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297. ForecasterColby
1:33 AM GMT on May 05, 2006
Yep. We thought Jupiter had WMDs, so we nuked them. Bad Bushes :)
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296. StormJunkie
12:35 AM GMT on May 05, 2006
Nice Zap. LMFAO, but I think many would say the Bush's did it.
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295. Zaphod
12:33 AM GMT on May 05, 2006
I see that the weather patterns on Jupiter are shifting, with several storms merging in a manner different than we've seen in reliably recorded history.

Now who could be changing the weather on Jupiter? What diabolical force could be capable of such mischief? Could it be......

Could it be.......

global warming?

Zap
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294. RL3AO
11:32 PM GMT on May 04, 2006
so, STL, not including the less than and greater than signs, what exactly to you type to put in an enlargeable thumbnail?
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292. ForecasterColby
10:52 PM GMT on May 04, 2006
The blog only accepts links, images, bold, and italics.
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291. RL3AO
10:36 PM GMT on May 04, 2006
Lastest visible of Invest 90W.

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290. RL3AO
10:29 PM GMT on May 04, 2006
got it
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289. snowski
10:23 PM GMT on May 04, 2006
Michael is right about the color ;)
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288. snowski
10:22 PM GMT on May 04, 2006
This is red

This is blue

This is green

This is maroon
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286. RL3AO
10:12 PM GMT on May 04, 2006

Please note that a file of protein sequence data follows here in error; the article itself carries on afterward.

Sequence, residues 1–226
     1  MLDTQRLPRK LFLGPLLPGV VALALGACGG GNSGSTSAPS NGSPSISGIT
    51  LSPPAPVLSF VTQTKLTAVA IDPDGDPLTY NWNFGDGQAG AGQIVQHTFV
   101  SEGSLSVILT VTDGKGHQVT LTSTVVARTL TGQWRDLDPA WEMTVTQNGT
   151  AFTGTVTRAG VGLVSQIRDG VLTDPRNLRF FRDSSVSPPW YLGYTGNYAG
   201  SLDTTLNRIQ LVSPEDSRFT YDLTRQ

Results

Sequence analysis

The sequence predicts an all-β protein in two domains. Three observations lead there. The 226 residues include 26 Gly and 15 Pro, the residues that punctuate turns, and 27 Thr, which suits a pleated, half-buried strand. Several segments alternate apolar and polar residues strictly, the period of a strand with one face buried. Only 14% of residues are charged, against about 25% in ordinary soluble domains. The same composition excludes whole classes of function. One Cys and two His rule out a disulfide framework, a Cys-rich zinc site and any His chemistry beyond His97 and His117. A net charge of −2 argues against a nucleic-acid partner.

Quick question, does the blog accept all HTML codes? Like colored text?
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284. RL3AO
10:00 PM GMT on May 04, 2006
well, I'm not very good reading those charts, and Lucky13, are you projecting or making a joke?
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282. Scotth
9:55 PM GMT on May 04, 2006
Is that 144 Australian hours?
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280. RL3AO
9:50 PM GMT on May 04, 2006
I don't know if it will be another Monica, but it has it at 990 MB in 144 hrs
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278. ForecasterColby
9:27 PM GMT on May 04, 2006
Looks pretty good.
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277. RL3AO
9:25 PM GMT on May 04, 2006
Looking at TD Caloy forming soon in the WESTERN Pacific?

Link

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276. FLCrackerGirl
9:18 PM GMT on May 04, 2006
re: BarefootontheRocks
This Should Be New NHC forecaster, Jamie Rhome

Old Pic from 1998 www.nc-climate.ncsu.edu
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275. ForecasterColby
9:17 PM GMT on May 04, 2006
Arrr...curses on the typos. Intertropical Convergence Zone.
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273. RL3AO
9:09 PM GMT on May 04, 2006
Colby, It's the ITCZ not the ICTZ!!! ;)
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272. ForecasterColby
9:06 PM GMT on May 04, 2006
Explanation of the visible:

Free Image Hosting at www.ImageShack.us
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Cat 6 lead authors: WU cofounder Dr. Jeff Masters (right), who flew w/NOAA Hurricane Hunters 1986-1990, & WU meteorologist Bob Henson, @bhensonweather